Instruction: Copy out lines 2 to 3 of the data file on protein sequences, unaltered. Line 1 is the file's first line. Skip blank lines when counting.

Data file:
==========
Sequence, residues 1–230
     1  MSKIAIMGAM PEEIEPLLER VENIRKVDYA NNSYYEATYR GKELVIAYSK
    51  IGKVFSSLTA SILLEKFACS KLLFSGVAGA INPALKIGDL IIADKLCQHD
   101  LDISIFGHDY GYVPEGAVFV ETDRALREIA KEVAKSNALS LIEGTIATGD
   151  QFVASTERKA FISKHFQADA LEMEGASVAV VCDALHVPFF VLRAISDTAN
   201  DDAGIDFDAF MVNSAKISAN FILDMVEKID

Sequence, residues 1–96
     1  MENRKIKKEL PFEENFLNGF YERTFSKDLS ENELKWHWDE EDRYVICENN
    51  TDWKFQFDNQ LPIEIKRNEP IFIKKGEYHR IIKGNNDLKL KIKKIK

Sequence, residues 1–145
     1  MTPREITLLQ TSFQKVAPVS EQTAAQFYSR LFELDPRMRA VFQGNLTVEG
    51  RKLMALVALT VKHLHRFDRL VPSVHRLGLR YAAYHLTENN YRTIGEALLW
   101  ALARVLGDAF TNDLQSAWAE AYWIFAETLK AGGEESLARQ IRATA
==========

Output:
     1  MSKIAIMGAM PEEIEPLLER VENIRKVDYA NNSYYEATYR GKELVIAYSK
    51  IGKVFSSLTA SILLEKFACS KLLFSGVAGA INPALKIGDL IIADKLCQHD